On the 17th of March, Durham University student Maya Prowse issued a desperate plea to the British government via Facebook from Peru, asking people to share her story. Due to travel restrictions following the recent Coronavirus outbreak, she found herself unable to return home from her year abroad in South America. She recounts how the British Embassy in Lima shut down, how her dad was placed on hold for an hour and a half with the Foreign and Commonwealth Office (FCO), only to eventually be cut off, and that for a long time, all Brits were simply told to contact their airlines for further information. Her distress, as well as her critique of the British government is evident: she asks them for more “guidance, clarity and reassurance, (as well as a way home).”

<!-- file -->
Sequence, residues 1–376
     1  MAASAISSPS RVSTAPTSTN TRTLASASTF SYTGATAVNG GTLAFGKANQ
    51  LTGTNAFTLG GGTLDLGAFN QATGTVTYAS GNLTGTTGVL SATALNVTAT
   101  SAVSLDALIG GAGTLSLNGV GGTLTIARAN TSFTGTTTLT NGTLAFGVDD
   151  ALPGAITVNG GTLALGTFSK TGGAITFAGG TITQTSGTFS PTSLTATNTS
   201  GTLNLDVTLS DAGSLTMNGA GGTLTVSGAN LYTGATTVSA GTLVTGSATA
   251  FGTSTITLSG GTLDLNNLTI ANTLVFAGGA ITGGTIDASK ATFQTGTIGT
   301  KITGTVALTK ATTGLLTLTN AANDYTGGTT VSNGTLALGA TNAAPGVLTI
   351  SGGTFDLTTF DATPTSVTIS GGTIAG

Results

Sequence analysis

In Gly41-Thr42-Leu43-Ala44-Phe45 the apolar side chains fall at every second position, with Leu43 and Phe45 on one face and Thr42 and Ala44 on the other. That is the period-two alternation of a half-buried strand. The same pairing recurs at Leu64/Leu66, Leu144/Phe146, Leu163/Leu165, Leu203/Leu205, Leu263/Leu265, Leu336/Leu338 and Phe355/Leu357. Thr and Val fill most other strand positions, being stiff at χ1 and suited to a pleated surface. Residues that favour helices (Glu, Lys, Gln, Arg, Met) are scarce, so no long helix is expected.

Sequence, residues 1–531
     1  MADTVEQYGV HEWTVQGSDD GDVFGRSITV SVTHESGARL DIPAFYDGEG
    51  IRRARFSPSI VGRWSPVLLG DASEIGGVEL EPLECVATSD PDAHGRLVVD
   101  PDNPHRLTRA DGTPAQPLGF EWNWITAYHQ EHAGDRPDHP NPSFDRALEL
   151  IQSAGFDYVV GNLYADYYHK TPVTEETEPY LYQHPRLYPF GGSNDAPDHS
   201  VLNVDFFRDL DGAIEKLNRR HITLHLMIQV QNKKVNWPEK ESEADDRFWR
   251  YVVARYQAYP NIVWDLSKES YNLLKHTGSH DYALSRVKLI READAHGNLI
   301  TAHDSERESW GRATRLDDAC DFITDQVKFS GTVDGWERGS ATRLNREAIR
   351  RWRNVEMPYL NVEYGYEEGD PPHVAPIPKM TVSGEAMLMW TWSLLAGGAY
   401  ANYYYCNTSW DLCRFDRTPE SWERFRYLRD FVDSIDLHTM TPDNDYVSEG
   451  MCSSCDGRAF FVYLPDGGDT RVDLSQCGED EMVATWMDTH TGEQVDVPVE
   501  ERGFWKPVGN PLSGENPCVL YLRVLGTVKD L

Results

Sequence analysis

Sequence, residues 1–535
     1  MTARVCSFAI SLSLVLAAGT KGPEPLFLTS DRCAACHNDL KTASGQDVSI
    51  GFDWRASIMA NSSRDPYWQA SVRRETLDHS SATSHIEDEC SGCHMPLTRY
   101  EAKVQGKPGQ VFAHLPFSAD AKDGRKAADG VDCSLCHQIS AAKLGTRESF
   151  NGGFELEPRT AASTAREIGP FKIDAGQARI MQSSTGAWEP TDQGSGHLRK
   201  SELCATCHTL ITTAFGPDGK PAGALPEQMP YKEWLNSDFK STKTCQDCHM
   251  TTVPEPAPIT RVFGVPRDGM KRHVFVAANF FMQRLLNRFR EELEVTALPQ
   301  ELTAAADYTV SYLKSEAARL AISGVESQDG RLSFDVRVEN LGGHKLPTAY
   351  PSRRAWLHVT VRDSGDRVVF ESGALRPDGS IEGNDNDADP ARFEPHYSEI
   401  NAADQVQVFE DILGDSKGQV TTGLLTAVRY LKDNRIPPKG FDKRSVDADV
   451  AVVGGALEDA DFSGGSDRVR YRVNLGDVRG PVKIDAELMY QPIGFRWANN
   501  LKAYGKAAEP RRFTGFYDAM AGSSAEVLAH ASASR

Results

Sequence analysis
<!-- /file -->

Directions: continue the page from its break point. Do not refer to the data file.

We’ve been hearing horror stories about stranded students like this one left, right and centre. Warwick have their own fair share, particularly concerning international students trying to return home. Polina Goupalo, a Film Studies student has found herself stranded in Warwick after her flight home to Cyprus in late March was cancelled. Other flights were made available to her, but Polina was still unable to return home. Cyprus had reacted to the pandemic much faster than the UK and they quickly began to restrict entry to the country. Cypriot nationals would only be permitted to return if they could provide the authorities with a health certificate stating that they weren’t carrying the virus – a certificate Polina couldn’t imagine acquiring from the British health services anytime soon, considering the low levels of testing taking place on this side of the Channel. She sympathises with her homeland: “our healthcare system really isn’t great, and we don’t have a lot of resources, so it makes sense for the government to take these strict measures,” also mentioning that the Cypriot government is offering their stranded students €750 and even sending them food packages. On the other hand, she deplores the UK’s slow reaction, calling it “shocking” and labelling the lockdown measures as “relaxed” compared to Cyprus’ nine o’clock curfew and heavy fines. Despite being resigned to staying and recognising the risks involved in travelling, she does heartrendingly articulate her sadness about not being home: “I was really looking forward to going home and seeing my family whom I haven’t seen in over a year.”